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Discuss the principles of management of acute abdomen.pptx

  1. Discuss the principles of management of acute abdomen DR OKPAKO ISAAC OGHENERO 9/10/19 DEPARTMENT OF SURGERY UATH GWAGWALADA
  2. Outline Introduction Epidemiology Statement of surgical importance Possible aetiology Principles of management Conclusion References
  3. Introduction Acute abdomen is an abdominal condition of sudden onset that may require immediate operative treatment
  4. Epidemiology John O. Agboola and Samuel A.. Olatoke (2010) It accounts for 9.6% of total surgical emergency admission with patient aged 16- 45 years constituting about 78.3% The commonest cause was appendicitis 30.3%, followed by intestinal obstruction 27.9%, perforated typhoid ilities14.9% and PUD 7.6% (UITH)
  5. Statement of surgical importance Acute abdomen is a non specific diagnosis that draws the surgeon attention to a more sinister pathology that the surgeon MUST sort for in other to provide the necessary and urgent surgical intervention that the patient so require
  6. Possible aetiology  Inflammatory conditions Perforation of hollow viscera Intestinal obstruction haemorrhage Acute pancreatitis Colics Gynaecological conditions Medical conditions
  7. Principles of management
  8. Principles of management Establishment of diagnosis Focused history Proper physical examination Relevant investigation Preparation for treatment Counselling Informed consent Treatment Resuscitation Definitive treatment Evaluation of treatment Rehabilitation Follow up
  9. Principles of management Establishment of diagnosis  Focused history  Proper physical examination  Relevant investigation
  10. Principles of management Establishment of diagnosis Focused history ◦ Symptomatology ◦ Aetiology ◦ Complications ◦ Treatment received prior Age : very important as it can be a pointer to the aetiology e.g. intussusception in children appendicitis in adolescence and young adults and complications of colorectal CA and vascular disease in those above 50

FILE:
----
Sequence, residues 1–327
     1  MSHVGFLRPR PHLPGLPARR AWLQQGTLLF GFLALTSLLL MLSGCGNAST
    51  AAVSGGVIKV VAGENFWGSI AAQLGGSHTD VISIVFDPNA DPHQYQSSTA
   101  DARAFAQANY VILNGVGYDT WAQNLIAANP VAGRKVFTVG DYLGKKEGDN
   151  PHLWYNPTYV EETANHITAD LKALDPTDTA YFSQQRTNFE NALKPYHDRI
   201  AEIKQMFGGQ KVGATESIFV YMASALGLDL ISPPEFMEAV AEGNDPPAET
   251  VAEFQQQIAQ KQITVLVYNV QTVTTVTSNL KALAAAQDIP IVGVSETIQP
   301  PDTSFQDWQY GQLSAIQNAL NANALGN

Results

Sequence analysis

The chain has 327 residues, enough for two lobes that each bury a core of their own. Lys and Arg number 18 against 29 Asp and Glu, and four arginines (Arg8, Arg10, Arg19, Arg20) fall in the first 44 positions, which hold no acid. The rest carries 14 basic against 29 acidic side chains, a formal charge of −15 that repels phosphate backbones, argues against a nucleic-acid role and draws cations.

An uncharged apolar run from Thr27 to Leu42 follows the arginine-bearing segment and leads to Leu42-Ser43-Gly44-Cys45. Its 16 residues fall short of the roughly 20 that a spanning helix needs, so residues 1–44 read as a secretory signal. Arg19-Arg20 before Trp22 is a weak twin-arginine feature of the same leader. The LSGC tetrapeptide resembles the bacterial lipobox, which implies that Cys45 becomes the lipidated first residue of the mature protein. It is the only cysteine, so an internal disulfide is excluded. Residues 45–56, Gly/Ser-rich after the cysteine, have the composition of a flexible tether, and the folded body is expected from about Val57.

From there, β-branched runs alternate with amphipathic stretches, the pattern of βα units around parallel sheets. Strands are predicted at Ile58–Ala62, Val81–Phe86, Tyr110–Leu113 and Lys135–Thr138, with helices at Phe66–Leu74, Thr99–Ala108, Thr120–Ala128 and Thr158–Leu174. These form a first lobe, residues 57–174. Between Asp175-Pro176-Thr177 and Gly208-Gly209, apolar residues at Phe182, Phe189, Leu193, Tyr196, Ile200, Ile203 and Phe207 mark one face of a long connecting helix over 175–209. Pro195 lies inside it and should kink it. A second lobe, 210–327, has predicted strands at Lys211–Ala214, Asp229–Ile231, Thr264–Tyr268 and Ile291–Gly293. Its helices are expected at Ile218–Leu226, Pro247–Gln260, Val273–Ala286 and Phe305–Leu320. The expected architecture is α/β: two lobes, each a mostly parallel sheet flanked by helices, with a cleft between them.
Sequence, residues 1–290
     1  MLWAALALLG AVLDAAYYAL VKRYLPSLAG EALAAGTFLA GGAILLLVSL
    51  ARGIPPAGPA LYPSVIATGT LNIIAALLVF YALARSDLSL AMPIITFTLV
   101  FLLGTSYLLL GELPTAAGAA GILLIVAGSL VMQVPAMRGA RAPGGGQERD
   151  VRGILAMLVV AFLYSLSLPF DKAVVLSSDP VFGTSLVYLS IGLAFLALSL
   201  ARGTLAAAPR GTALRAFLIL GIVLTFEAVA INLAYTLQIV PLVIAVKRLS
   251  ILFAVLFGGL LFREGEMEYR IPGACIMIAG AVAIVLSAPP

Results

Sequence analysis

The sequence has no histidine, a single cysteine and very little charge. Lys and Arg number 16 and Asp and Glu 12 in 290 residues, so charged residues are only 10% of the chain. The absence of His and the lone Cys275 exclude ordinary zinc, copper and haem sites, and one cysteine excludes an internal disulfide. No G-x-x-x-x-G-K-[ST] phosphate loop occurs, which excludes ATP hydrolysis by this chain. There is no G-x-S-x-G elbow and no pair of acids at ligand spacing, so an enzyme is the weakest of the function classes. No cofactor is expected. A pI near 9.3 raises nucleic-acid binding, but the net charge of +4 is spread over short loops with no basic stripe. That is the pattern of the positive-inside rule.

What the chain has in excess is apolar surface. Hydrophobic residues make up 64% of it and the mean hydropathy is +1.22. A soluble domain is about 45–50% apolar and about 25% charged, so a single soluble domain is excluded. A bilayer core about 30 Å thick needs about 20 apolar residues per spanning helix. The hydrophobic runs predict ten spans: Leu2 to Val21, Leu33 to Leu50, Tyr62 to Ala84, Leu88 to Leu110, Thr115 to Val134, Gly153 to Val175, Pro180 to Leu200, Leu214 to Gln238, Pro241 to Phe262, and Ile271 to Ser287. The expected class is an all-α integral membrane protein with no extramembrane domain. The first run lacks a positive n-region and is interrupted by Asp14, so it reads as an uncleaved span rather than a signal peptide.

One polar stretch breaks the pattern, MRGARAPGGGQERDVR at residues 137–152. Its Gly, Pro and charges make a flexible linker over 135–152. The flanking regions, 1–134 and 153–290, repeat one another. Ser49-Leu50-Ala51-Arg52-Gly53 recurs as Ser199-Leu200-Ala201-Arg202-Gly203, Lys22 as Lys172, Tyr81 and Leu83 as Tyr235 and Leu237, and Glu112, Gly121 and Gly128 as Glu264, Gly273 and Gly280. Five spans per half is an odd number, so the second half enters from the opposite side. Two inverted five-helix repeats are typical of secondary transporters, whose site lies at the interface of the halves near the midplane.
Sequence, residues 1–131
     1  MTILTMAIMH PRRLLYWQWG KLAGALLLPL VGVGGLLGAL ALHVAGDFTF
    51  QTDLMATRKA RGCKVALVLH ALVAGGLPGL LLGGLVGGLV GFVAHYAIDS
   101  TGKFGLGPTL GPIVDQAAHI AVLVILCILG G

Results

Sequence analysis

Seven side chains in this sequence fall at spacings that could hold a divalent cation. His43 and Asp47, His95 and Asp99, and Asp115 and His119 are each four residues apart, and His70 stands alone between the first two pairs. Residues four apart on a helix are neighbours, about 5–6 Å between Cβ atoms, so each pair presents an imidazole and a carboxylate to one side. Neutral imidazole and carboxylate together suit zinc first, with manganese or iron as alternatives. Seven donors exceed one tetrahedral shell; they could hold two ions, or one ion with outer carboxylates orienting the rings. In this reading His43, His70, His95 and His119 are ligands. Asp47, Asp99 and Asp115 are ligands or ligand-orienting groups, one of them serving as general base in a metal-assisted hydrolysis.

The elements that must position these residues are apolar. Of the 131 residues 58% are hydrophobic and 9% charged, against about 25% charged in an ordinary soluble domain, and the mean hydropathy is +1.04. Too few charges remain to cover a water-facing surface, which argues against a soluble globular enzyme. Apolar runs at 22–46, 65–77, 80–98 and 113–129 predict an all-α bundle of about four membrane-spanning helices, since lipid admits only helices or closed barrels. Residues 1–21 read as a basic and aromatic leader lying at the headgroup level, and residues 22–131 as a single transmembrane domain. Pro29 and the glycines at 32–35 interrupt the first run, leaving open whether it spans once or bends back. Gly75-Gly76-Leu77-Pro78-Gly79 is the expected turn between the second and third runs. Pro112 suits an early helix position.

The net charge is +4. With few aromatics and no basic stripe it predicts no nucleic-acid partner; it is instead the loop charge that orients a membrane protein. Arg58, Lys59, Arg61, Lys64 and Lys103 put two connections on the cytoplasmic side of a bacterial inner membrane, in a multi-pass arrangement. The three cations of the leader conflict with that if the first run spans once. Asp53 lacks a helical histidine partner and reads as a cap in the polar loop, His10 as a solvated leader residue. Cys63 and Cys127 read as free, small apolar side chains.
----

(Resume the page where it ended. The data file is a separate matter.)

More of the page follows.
11. Principles of management Focused history Symptomatology Usually it would be pain of recent onset The duration, location, character, radiation, aggravating and relieving factors of the pain, severity, timing and association of the pain e.g. meal exercise, and progression
  12. Principles of management Focused history Aetiology anorexia Constipation, abdominal distention, vomiting (characterize) Red currant jelly stool blood and mucous mixed stool (dysentery ulcerative colitis and chrons disease) Fever (characterize) preceded by abdominal pain Abdominal pain preceded by fever (characterize) Frequency dysuria, haematuria urethral discharge Yellowish discoloration of the eyes History of weight loss, loin pain and loin swelling
  13. Principles of management Focused history Aetiology continued Passage of blood stool (characterize) abdominal mass, weight loss History of trauma Chronic cough, contact with persons with chronic cough, drenching night sweats, ingestion of unpasteurized milk History of swimming in large body of water, passage of worms Hx of SCD, diabetes, family history of colorectal CA LMP, PV bleeding, PV discharge
  14. Principles of management Focused history Complications Dizziness, easy fatigability, fainting spells, facial puffiness, leg swellings Low back pain, limb weakness, increased thirst, decreased urinary output, Treatment Use of herbal concoction, medication (who prescribed) interventions (IV fluid, surgery, instrumentation)
  15. Principles of management Proper physical examination ◦ General clinical state ◦ Examination of the abdomen ◦ Examination of other system for possible involvement General clinical state ◦ Appearance ◦ Level of consciousness ◦ temperature ◦ pallor ◦ Jaundice ◦ Level of hydration ◦ Lymphadenopathy ◦ oedema